* In Pedicellina, and apparently also in Urnatella, the power of protrusion and retraction is very imperfect, and is here limited to such change of position as is connected with a slight extension and flexion of the oesophagus.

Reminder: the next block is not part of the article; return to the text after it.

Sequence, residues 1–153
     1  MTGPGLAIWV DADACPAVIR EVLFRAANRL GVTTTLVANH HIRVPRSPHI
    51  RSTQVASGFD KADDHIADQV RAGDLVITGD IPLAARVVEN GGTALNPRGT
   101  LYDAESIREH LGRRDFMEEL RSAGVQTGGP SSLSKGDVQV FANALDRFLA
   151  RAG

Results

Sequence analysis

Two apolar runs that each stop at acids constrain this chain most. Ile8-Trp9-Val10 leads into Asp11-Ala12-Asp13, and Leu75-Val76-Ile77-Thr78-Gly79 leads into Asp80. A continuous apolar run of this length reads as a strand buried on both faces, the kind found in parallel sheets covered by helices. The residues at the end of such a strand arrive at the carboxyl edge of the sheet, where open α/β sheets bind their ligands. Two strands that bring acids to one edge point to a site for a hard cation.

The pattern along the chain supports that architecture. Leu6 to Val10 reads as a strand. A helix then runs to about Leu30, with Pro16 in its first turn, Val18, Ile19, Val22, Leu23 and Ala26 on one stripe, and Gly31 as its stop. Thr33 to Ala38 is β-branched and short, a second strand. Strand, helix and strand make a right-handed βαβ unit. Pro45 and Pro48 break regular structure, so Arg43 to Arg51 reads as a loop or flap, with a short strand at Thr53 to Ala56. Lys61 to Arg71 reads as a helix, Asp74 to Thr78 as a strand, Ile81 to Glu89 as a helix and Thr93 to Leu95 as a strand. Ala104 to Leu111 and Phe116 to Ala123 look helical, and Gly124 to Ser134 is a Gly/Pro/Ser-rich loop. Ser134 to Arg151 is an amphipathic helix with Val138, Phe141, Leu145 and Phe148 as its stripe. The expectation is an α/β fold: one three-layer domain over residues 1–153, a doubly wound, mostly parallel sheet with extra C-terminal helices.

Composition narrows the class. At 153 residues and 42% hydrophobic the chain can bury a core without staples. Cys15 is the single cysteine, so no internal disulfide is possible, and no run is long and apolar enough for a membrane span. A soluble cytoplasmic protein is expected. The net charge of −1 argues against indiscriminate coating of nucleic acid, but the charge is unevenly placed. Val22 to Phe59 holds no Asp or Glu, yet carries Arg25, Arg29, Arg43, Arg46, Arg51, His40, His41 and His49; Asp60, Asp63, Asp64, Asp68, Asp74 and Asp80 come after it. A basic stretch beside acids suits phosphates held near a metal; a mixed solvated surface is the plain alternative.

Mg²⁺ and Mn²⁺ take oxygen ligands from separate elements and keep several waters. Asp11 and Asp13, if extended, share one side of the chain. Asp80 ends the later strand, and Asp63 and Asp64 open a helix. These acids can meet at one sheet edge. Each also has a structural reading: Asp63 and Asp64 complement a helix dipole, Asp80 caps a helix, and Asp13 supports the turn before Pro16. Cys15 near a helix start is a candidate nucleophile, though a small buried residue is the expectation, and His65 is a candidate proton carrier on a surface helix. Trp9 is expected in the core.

consist almost entirely of bodies exactly resembling the nuclei of the cells; some of these intercellular nuclei contain two nucleoli, and seem to be undergoing division, while round others a young cell may be seen in various stages of formation. These different stages may be satisfactorily followed, and afford a very interesting example of cytogenetic action. The first thing observed is the accumulation round the nucleus of a little mass of granular protoplasm. In the midst of this a minute vacuola next shows itself; this becomes the cell-cavity, and gradually increases in size with the enlarging cell; the nucleus is persistent, remaining attached to the cell-wall. For reasons to be presently mentioned, it is highly probable that the endocyst is pervaded by a system of canals of extreme delicacy, which constitute an irregular network in its substance. Besides the structure now described, peculiar fibres (Pl. II, fig. 10) are also developed in the endocyst. These are situated on its inner surface, where they constitute a well-marked layer composed of a network of transverse and longitudinal fibres over the whole extent of the endocyst. I have even succeeded in separating this network as a continuous layer. There can be no doubt that these fibres of the endocyst are muscular, and that it is to their presence that the high degree of contractility enjoyed by the endocyst of Lophopus is in a great measure, if not entirely, due. When treated with acetic acid, they are plainly seen to be composed of greatly elongated fusiform cells, having their pointed extremities in connection with one another. Each of these cells is then also seen to contain a nucleus with nucleolus (Pl. II, figs. 11, 12). We have seen that in all the fresh-water genera a portion of the endocyst remains in a permanently invaginated state. It is probable that in all these genera the endocyst retains its general structure and contractility for a greater or less extent of its permanently invaginated portion, down to a spot where the transverse fibres appear to become condensed into a sort of sphincter, and shortly after this the endocyst alters its texture, losing its contractility and becoming thinner (Pl. V, fig. 6). In this condition it continues till it terminates by being attached to the base of the tentacular crown. This thin, non-contractile portion of the endocyst constitutes the tentacular sheath which encloses and protects the tentacula during the retracted state of the polypide. Near the spot where the endocyst passes into the tentacular sheath, there appears to exist, at least in Lophopus, a circular canal, which here passes transversely round the endocyst. The presence of this canal is revealed by peculiar, spherical or oval, brilliant corpuscles, which it almost always contains in Lophopus. A portion, perhaps the whole, of the inner surface of the endocyst is clothed with vibratilecilia. Though I have not succeeded in making out the structure of the endocyst in the other genera so satisfactorily as in Lophopus, we may, nevertheless, conclude that it is nowhere very far different from that now described. In all these, fibres may be detected in the endocyst. In the species with bilateral lophophore, the fibres may be seen towards the apertures of the cells (Pl. V, figs. 5, 6, v) ; but it is generally impossible, in consequence of the increasing opacity of the superjacent structures, to trace these fibres to any distance posteriorly. In Paludicella, whose transparent ectocyst admits of a distinct view of all the contained parts, the fibres are collected into numerous transverse bands (Pl. X, figs. 3, 4, v), which we may trace throughout the whole extent of the cell.